Page last updated at 07:31 GMT, Wednesday, 19 August 2009 08:31 UK

The problem with PowerPoint

25 years of PowerPoint

25 years of PowerPoint
25 years of PowerPoint - On August 14, 1984, the initial two-page brief for a computer programme to produce presentation graphics for overhead projection was drawn upů and PowerPoint was born.
25 years of PowerPoint - Initially aimed at
25 years of PowerPoint - It was the brainchild of Robert Gaskins and Dennis Austin. They were working for US company Forethought at the time. Its original name was Presentation. It was originally developed just for the Apple Macintosh
25 Years of PowerPoint - In 1987 Presentation was renamed PowerPoint due to a trademark problem. PowerPoint 1.0 Mac was launched the same year. It had taken the pair two years and 10 months to perfect. In August of the same year the Microsoft Corporation bought Forethought for $14m
25 years of PowerPoint - The first public laptop PowerPoint presentation took place in Paris on February 25, 1992, to Microsoft employees. By 1993 it was the market leader in PC presentation programmes. It now has an estimated 95% share of the presentation software market
25 Years of PowerPoint -  In its first year PowerPoint sales reached $1m. In its first year of appearing on a PC platform sales hit $10m. It now has estimated annual sales of over $100m
25 Years of PowerPoint - Has 500 million users worldwide. Businesses globally make an estimated 30 million PowerPoint presentations each day. The average PowerPoint session runs for 250 minutes, startup to shutdown. The average PowerPoint slide shows 40 words
25 Years of PowerPoint - PowerPoint is not universally loved, criticisms include:. It elevates format over content. Presentations can be boring and just full of bullet points. Makes communication presentation-orientated, not audience-orientated. Can make information too simplified
BACK {current} of {total} NEXT
 

If you have worked in an office in the Western world in the past 25 years, you will probably have sat through a PowerPoint presentation. But there's a problem. They're often boring, writes presentation expert Max Atkinson.

In the past 25 years, I've asked hundreds of people how many PowerPoint presentations they've seen that came across as really inspiring and enthusiastic.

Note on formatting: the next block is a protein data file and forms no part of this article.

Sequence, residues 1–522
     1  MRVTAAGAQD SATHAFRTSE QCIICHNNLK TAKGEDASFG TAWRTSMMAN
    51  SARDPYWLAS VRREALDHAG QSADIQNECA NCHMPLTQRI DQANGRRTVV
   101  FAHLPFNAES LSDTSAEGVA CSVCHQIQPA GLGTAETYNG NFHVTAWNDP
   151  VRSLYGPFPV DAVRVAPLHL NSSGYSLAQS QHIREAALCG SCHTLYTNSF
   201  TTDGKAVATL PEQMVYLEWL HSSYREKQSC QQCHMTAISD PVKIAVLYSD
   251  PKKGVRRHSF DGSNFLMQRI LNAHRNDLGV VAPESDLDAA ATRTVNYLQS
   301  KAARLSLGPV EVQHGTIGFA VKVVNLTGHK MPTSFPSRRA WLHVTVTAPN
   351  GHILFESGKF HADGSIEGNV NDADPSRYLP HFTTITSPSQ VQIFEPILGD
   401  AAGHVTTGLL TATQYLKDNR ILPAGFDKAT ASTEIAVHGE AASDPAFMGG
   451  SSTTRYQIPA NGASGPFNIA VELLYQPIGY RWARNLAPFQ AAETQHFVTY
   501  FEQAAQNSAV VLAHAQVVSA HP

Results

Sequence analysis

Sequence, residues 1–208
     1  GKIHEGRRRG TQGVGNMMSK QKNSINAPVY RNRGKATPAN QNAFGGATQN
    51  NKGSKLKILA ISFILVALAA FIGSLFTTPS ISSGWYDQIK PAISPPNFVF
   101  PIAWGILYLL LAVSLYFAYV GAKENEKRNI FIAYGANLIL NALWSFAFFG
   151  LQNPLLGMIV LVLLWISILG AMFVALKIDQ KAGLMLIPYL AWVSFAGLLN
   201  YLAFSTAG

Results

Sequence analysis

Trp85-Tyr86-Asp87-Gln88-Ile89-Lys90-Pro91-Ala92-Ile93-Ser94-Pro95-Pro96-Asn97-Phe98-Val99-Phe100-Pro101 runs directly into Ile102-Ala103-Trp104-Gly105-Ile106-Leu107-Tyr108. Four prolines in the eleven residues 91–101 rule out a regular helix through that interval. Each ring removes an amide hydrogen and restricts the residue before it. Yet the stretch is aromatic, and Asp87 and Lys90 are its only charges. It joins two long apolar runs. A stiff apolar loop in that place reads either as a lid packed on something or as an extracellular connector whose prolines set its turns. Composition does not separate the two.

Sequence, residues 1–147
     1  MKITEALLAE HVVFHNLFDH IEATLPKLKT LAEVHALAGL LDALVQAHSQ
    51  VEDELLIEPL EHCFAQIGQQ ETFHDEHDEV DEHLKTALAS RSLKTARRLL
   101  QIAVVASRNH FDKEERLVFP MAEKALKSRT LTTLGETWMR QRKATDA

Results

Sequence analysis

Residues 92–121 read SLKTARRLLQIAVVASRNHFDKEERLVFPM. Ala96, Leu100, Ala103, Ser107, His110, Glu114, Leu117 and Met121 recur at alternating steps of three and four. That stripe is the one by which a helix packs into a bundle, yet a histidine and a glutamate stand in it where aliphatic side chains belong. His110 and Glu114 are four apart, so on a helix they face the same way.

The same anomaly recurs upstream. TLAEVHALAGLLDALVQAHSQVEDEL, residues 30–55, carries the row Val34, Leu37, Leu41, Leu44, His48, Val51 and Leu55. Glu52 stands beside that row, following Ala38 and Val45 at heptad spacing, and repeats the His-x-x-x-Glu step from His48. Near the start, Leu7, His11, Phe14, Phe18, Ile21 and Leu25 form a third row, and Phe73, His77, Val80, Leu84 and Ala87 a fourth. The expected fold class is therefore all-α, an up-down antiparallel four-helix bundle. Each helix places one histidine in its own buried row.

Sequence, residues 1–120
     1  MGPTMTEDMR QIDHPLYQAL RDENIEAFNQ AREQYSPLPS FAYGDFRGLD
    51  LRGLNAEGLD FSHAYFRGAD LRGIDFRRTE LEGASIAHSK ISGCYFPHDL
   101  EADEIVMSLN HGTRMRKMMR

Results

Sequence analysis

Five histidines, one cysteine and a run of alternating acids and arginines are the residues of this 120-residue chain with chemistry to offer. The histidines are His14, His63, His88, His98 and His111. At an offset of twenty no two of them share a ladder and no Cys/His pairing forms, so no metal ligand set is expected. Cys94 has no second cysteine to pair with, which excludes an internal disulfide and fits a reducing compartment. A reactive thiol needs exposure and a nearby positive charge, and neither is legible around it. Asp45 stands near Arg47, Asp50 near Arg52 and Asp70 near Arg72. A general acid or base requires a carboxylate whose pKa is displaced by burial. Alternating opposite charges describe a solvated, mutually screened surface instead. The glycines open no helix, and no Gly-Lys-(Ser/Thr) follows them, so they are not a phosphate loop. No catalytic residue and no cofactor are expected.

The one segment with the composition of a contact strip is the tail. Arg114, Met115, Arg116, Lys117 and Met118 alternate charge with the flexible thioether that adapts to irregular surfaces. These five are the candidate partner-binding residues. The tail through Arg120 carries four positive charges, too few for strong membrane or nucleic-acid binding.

Most struggle to come up with a single example, and the most optimistic answer I've heard was "two".

So what are the main problems?

SCREENS ARE MAGNETS FOR EVERYONE'S EYES

Beware of anyone who says that they're "just going to talk to some slides" - because that's exactly what they'll do - without realising that they're spending most of their time with their backs to the audience.

Barack Obama
Even Barack Obama needs an autocue on occasion

Yet eye contact plays such a fundamental part in holding an audience's attention that even as brilliant a speaker as Barack Obama depends on an autocue to simulate it.

So remember that the more slides you have and the more there is on each slide, the more distracting it will it be for the audience - whereas the fewer and simpler the slides are, the easier it will be to keep them listening.

READING AND LISTENING DISTRACTS AUDIENCES

If there's nothing but text on the screen, people will try to read and listen at the same time - and won't succeed in doing either very well.

If the print is too small to read, they'll get irritated at being expected to do the impossible. Nor does it help when speakers say "as you can see", or the equally annoying "you probably won't be able to read this".

SLIDES SHOULDN'T JUST BE NOTES

Few speakers are willing to open their mouths until they have their first slide safely in place. But all too often the slides are verbal crutches for the speaker, not visual aids for the audience.

Conference delegates sleep sweetly
Some presentations prove somewhat less than gripping

Projecting one slide after another might make it look as though you've prepared the presentation. But if you haven't planned exactly what you're going to say, you'll have to ad lib and, if you start rambling, the audience will switch off.

To avoid this requires careful planning. Do this before thinking about slides and you won't need as many of them - and the ones that you do decide to use are more likely to help to clarify things for the audience, rather than just remind you of what to say next.

INFORMATION OVERLOAD

You think bullet points make information more digestible? Think again. A dozen slides with five bullet points on each assumes that people are mentally capable of taking in a list of 60 points. If it's a 30-minute presentation, that's a rate of two-per-minute.

Monty Python scene with Frenchmen demonstrating sheep aircraft
This looks a fairly interesting visual aid

This highlights the biggest problem with slide-based presentations, which is that speakers mistakenly think that they can get far more information across than is actually possible in a presentation. At the heart of this is a widespread failure to appreciate that speaking and listening are fundamentally different from writing and reading.

In fact, the invention of writing was arguably the most important landmark in the history of information technology. Before writing, the amount of information that could be passed on to others was severely limited by what could be communicated in purely oral form (ie not much). But the ability to write meant that vast amounts of knowledge could be communicated at previously unimagined levels of detail.

The trouble is that PowerPoint makes it so easy to put detailed written and numerical information on slides that it leads presenters into the mistaken belief that all the detail will be successfully transmitted through the air into the brains of the audience.

THE BULLET POINT PROBLEM

A Microsoft executive recently said that one of the best PowerPoint presentations he'd ever heard had no slides with bullet points on them. This didn't surprise me at all, because we've known for years that audiences don't much like wordy slides and don't find them as helpful as pictorial visual aids.